miércoles, 8 de marzo de 2017

UK national clinical audit: management of pregnancies in women with HIV | BMC Infectious Diseases | Full Text

UK national clinical audit: management of pregnancies in women with HIV | BMC Infectious Diseases | Full Text

Biomed Central



BMC Infectious Diseases

UK national clinical audit: management of pregnancies in women with HIV

  • S. RaffeEmail author,
  • H. Curtis,
  • P. Tookey,
  • H. Peters,
  • A. Freedman,
  • Y. Gilleece and
  • on behalf of the British HIV Association Audit and Standards Sub-Committee
BMC Infectious DiseasesBMC series – open, inclusive and trusted201717:158
DOI: 10.1186/s12879-017-2255-6
Received: 21 October 2016
Accepted: 8 February 2017
Published: 20 February 2017

Abstract

Background

The potential for HIV transmission between a pregnant woman and her unborn child was first recognized in 1982. Since then a complex package of measures to reduce risk has been developed. This project aims to review UK management of HIV in pregnancy as part of the British HIV Association (BHIVA) audit programme.

Methods

The National Study of HIV in Pregnancy and Childhood (NSHPC), a population-based surveillance study, provided data for pregnancies with an expected delivery date from 1/1/13 - 30/6/14. Services also completed a survey on local management policies. Data were audited against the 2012 BHIVA pregnancy guidelines.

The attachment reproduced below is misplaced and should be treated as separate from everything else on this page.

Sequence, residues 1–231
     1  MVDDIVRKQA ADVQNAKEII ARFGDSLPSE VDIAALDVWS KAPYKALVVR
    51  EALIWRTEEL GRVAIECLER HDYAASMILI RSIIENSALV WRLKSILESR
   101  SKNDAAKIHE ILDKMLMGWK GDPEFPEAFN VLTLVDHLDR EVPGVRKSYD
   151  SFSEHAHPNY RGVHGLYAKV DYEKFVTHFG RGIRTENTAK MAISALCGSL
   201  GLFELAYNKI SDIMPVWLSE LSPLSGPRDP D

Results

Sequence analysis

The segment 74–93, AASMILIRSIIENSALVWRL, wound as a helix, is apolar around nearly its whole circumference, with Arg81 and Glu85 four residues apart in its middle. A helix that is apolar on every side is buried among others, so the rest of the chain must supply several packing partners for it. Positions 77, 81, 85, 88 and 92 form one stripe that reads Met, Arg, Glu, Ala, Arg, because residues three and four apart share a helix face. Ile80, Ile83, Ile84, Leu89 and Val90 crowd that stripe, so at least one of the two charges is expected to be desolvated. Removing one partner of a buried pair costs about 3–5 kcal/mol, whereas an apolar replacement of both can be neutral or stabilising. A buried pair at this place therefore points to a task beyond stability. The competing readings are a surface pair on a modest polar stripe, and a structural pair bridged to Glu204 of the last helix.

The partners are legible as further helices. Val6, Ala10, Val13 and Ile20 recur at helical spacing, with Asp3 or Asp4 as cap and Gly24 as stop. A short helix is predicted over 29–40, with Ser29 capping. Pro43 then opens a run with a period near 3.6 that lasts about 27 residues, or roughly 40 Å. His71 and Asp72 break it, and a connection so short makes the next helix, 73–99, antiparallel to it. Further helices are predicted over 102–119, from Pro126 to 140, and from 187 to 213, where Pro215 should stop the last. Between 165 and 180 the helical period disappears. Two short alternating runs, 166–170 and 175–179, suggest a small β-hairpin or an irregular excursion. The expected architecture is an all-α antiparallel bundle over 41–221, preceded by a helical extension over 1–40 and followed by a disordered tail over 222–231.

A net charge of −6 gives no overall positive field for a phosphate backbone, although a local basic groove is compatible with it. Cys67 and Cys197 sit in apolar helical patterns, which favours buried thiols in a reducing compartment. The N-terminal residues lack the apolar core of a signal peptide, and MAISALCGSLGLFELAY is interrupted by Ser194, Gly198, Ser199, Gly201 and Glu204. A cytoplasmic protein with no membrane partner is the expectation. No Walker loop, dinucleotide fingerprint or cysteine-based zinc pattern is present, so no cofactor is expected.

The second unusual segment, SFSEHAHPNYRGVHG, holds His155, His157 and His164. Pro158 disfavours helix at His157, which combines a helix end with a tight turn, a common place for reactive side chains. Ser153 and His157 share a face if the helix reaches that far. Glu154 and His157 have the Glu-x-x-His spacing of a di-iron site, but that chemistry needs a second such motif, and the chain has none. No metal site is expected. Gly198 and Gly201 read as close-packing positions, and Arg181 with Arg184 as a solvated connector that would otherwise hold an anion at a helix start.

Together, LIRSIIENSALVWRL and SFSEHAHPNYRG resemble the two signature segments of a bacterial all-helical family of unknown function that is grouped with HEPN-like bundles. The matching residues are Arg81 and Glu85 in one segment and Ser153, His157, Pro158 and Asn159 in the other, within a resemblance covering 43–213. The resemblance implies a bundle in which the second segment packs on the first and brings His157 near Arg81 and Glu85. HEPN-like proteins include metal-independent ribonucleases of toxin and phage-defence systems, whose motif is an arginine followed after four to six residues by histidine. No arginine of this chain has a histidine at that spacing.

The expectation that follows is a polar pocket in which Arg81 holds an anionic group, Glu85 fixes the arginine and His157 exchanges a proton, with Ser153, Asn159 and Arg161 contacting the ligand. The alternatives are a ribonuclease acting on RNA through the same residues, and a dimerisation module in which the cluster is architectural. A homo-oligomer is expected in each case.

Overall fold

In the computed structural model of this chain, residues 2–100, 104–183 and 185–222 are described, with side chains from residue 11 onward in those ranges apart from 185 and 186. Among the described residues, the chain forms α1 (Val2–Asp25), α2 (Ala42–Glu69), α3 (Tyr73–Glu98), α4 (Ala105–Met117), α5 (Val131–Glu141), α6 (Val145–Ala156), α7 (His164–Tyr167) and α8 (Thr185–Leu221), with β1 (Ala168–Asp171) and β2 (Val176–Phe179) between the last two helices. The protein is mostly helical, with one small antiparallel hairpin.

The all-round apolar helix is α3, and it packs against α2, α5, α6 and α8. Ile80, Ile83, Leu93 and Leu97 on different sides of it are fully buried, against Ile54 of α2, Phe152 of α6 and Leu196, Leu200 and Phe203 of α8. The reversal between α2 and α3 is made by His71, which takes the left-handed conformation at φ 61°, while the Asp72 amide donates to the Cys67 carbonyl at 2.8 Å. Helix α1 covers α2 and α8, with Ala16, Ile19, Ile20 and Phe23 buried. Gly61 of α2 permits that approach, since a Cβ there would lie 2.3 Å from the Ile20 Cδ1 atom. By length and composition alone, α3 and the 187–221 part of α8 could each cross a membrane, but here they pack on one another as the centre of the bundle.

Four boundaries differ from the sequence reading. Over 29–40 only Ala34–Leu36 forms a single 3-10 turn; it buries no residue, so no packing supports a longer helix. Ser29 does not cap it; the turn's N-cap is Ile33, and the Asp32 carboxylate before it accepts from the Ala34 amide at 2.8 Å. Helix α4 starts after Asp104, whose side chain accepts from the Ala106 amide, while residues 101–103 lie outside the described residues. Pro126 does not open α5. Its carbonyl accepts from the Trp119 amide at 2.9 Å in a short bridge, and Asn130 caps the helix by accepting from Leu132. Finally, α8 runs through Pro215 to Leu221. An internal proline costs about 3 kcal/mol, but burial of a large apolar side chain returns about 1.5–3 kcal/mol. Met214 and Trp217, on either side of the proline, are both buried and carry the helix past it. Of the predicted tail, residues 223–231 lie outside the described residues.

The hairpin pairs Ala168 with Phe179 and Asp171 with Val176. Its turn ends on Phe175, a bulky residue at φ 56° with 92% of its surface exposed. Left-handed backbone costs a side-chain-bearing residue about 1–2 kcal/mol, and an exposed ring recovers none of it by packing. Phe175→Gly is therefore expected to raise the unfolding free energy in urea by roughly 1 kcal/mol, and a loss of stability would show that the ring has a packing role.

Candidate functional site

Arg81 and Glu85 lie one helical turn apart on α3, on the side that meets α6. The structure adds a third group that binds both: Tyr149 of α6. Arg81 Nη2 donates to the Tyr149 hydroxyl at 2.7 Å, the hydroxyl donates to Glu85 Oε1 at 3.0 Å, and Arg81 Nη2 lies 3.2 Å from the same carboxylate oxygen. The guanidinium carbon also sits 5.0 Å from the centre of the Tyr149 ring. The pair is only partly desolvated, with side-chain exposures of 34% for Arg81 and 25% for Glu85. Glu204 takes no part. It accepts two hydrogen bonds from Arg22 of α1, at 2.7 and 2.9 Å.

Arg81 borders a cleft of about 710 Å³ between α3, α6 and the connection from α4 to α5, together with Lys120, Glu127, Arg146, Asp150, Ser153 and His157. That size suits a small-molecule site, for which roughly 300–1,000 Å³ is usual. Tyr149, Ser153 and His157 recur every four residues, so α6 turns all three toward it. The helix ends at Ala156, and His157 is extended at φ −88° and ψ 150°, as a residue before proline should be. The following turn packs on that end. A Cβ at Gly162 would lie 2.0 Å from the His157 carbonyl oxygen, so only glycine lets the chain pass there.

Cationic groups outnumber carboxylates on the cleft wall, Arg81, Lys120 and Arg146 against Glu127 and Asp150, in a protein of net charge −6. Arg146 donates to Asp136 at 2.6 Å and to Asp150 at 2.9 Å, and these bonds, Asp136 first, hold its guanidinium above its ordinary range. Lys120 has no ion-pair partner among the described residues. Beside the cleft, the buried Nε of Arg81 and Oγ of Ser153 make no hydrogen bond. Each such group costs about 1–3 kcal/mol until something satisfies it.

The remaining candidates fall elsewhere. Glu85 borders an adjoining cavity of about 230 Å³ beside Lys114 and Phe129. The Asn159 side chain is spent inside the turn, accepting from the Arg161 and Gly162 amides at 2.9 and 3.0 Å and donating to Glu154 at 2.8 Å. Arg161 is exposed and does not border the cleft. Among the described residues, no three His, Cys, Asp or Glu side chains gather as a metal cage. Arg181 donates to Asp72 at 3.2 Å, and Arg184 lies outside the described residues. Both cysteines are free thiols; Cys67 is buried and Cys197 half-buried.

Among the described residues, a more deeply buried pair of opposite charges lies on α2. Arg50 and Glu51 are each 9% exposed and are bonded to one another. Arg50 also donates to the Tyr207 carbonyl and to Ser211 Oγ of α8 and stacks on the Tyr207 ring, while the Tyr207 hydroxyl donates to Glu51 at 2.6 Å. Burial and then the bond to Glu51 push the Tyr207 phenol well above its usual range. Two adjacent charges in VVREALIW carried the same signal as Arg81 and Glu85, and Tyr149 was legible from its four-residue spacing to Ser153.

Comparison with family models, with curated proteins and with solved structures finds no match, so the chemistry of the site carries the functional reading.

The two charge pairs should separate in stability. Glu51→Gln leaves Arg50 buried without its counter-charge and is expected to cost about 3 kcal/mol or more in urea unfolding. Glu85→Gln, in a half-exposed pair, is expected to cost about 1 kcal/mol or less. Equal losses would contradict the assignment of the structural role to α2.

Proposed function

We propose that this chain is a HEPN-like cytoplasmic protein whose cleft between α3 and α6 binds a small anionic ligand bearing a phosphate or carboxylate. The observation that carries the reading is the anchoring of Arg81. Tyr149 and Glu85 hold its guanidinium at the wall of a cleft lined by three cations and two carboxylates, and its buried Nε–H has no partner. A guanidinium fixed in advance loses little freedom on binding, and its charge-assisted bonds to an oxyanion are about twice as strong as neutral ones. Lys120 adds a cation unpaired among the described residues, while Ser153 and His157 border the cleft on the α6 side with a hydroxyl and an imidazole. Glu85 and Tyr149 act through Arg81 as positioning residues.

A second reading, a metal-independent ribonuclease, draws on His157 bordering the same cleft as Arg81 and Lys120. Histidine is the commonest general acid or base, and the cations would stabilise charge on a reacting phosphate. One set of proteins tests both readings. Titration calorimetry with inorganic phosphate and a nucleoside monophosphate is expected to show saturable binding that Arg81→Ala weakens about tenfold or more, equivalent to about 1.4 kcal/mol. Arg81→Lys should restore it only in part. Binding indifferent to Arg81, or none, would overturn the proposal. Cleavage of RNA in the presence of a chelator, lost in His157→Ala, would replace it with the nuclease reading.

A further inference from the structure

Results

During the audit period 1483 pregnancies were reported and 112 services completed the survey. Use of dedicated multidisciplinary teams was reported by 99% although 26% included neither a specialist midwife nor nurse. 17% of services reported delays >1 week for HIV specialist review of women diagnosed antenatally. Problematic urgent HIV testing had been experienced by 9% of services although in a further 49% the need for urgent testing had not arisen. Delays of >2 h in obtaining urgent results were common.
Antiretroviral therapy (ART) was started during pregnancy in 37% women with >94% regimens in accordance with guidelines. Late ART initiation was common, particularly in those with a low CD4 count or high viral load.
Eleven percent of services reported local policy contrary to guidelines regarding delivery mode for women with a VL <50 copies/mL at ≥36 weeks. According to NSHPC reports 27% of women virologically eligible for vaginal delivery planned to deliver by CS.

Conclusions

Pregnant women in the UK are managed largely in accordance with BHIVA guidelines. Improvements are needed to ensure timely referral and ART initiation to ensure the best possible outcomes.

Keywords

HIV Mother to child transmission Vertical transmission